• 1 large bunch red radishes
  • 3 or 4 Granny Smith apples
  • 1 lemon, juiced
  • 1 tsp mustard seeds
  • 1/2 c walnuts, toasted and chopped
  • salt and pepper to taste
  1. Make vinaigrette:  In a bowl, mix together mustard, salt, vinegar and applesauce. Slowly whisk in olive oil a little at a time until the dressing emulsifies. Set aside.
  2. Make salad:  Put shredded cabbage in a large bowl. Shred radishes until you have 1 cup. Add to bowl.
  3. Core apples and shred to make 2 cups. Put shredded apples in a bowl filled with lemon juice and 2 cups water, to prevent apple from browning.
  4. When ready to serve, gently squeeze water from apple, add to cabbage and toss slaw with vinaigrette. Add mustard seeds and toss again. Sprinkle walnuts on top of slaw. Season with salt and pepper.

Yield: 6 servings

Savoy Cabbage and Cheese Loaf

  • 1 Savoy cabbage
  • 3 Tbs. butter
  • 2 Tbs. vegetable oil
  • ¼ cup diced onion
  • Salt and Pepper to taste
  • 3 eggs
  • ½ cup whipping cream
  • 1 cup grated cheddar
  • ¾ cups bread crumbs (divided)

Pre-heat oven to 375 degrees.  Grease a standard loaf pan.  Wash, dry and quarter the cabbage then slice into ¼ inch strips.  In a large sauté pan, heat oil and butter.  Add the onion and sauté until translucent.  Add cabbage and stir well to coat.  Cover and simmer until cabbage releases its liquid.  Remove the cover and cook until the moisture evaporates.  Season with salt and pepper.  In a medium mixing bowl, beat together eggs and cream.  Add cheese and ¼ cup bread crumbs.  Mix gently with the cabbage and pour into the oaf pan.  Press remaining bread crumbs on top.  Bake 40 to 45 minutes until firm and golden brown.  Let rest 20 minutes before slicing.

From Foodday.


  • 5 Lbs cabbage
  • 3 Tbs. pickling salt

Shred the cabbage very thin (about the thickness of a quarter.  Add salt to the cabbage and thoroughly mix the ingredients with your hands.  Pack the cabbage into a one gallon jar and pack down tightly.  To keep the cabbage covered in its own brine and thus protected from the air while fermenting, we simply seal the jar with 2 1-gal ziplocks filled with brine.  To make the brine simply mix 3Tbs. pickling salt with half a gallon of water.  This should give you plenty of brine for filling the bags  and to have some left over for use as needed.  After you have the shredded cabbage and salt in the jar, put both empty ziplocks on top of the cabbage.  Use a funnel to fill both bags up to the neck of the jar and firmly seat the bags to seal out all air.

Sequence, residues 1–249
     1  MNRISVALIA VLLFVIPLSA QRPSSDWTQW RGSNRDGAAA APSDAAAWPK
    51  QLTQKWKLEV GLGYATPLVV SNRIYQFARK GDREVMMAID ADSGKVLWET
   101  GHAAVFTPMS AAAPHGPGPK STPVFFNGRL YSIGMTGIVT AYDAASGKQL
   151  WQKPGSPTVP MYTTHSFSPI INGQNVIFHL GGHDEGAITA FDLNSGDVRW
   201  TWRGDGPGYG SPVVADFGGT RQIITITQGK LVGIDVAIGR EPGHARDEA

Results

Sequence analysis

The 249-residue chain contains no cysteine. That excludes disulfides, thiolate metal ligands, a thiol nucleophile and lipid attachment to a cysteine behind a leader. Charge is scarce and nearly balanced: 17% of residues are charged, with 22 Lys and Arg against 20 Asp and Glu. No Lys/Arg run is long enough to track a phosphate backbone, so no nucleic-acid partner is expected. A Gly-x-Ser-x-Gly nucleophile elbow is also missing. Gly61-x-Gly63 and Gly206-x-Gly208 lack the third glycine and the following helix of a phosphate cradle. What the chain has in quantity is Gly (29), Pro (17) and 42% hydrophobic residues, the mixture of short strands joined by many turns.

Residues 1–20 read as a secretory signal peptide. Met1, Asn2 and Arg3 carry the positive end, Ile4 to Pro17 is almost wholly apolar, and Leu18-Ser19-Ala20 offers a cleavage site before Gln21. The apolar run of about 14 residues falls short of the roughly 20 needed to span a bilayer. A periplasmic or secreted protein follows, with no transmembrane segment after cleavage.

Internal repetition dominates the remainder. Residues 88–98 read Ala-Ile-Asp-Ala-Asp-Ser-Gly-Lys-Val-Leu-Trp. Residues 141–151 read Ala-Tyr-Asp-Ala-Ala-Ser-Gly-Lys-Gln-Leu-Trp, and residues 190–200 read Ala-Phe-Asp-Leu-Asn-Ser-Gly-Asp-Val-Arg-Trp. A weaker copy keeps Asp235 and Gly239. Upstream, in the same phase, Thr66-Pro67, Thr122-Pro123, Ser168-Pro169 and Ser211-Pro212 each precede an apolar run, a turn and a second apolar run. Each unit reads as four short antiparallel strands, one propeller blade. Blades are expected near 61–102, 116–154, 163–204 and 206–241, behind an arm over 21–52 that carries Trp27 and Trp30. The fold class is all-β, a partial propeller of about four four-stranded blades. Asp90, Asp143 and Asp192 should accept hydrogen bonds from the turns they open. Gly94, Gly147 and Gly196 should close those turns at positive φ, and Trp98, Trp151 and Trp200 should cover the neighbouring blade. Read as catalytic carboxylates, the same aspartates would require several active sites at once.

If the cabbage is fresh, it should release enough liquid to cover itself.  If within 24 hours it does not, add some of the left over brine.   You need to store the jar out of direct sunlight on a cool counter (60- 75 degrees).  After a day or two, you’ll notice small bubbles rising from the cabbage.  (This is the part that kids like best).  If yeast starts growing on the outside of the ziplocks, not to worry.  Simply rinse it off as needed.  You can start tasting the sauerkraut after 2 weeks, but it will not be fully ready until the bubbles stop.  At this point, you can store it in your fridge for several weeks.

Russian Soured Cabbage

  • 2 Tbs. pickling salt
  • 5 Lbs. fresh cabbage
  • 2 medium carrots
  • 1 apple cored and sliced into 16ths
  • ¾ cups cranberries
  • 2 Tbs. chopped dill

Reserve 2 outer leaves of cabbage and shred remaining head.  Grate carrots coarsely.  In a large bowl, mix the salt with the shredded cabbage, rubbing the salt into the cabbage with your hands.  Gently mix in the carrots, apple, cranberries and dill.  Pack the mixture into a 1-gallon jar pressing the cabbage down firmly.  Add any liquid that may have accumulated in the bowl.  Lay the reserved cabbage leaves on top.  Dissolve 1 ½ Tbs. salt in 1 qt. water.  Push a freezer into the mouth of the 1-gallon jar and fill it with the salt water.  Seal the bag.  Set the jar in a spot out of direct sunlight (ie western Oregon)  at a temperature of 65-72 degrees F.  Two or three times a day during the next two or three days push the handle of a wooden spoon to the bottom of the jar to allow gasses to escape.  Let the mixture ferment 4-5 days until the cabbage is as sour as you like.  Store in the refrigerator.

Makes approx. 3 quarts.

Adapted from The Joy of Pickling, by Linda Ziedrich.

Russian Cabbage Borscht

  • 2 Tbsp. butter
  • 1 1/2 c. chopped onion or leek
  • 4 c. stock or water
  • 1 1/2 c. thinly sliced potato
  • 2 tsp. salt
  • 1 c. thinly sliced beets
  • black pepper
  • 1 large sliced carrot
  • 1/4 tsp. dill weed
  • 1 stalk chopped celery (optional)
  • 1 1/2 Tbsp. vinegar
  • 3 c. chopped cabbage
  • 1 c. tomato puree
  • 1 scant tsp. caraway seeds
  • sour cream for topping

Begin cooking onions or leek in butter in a large kettle. Add caraway seeds and salt and cook until translucent. Add celery, carrots, potatoes, beets and cabbage. Add water and simmer slowly for 45 minutes. About 15 minutes before serving add pepper, dill weed, vinegar, and tomato puree. Taste to correct seasoning. Serve topped with sour cream.

From the Moosewood Cookbook.

Red Cabbage Saute

  • 2 lbs. red cabbage
  • 1 medium yellow onion, chopped
  • 1 ½ lbs. tart green apples, peeled, quartered, and sliced
  • ½ c. butter (I use less)
  • 1 t. salt
  • 2 T. brown sugar
  • 2 T. cider vinegar
  • ¼ t. cloves
  • pinch cinnamon
  • pinch nutmeg
  • black pepper to taste
  • ¾ c. beer

Sauté the cabbage, onions and apples in the butter for about 10 minutes, stirring frequently. Add the remaining ingredients and stir well. Cover, lower the heat, and let simmer for 1 hour, stirring occasionally. The cabbage can be served at this point but improves if allowed to cool and reheated several hours later or the next day.  From The Vegetarian Epicure Book Two by Anna Thomas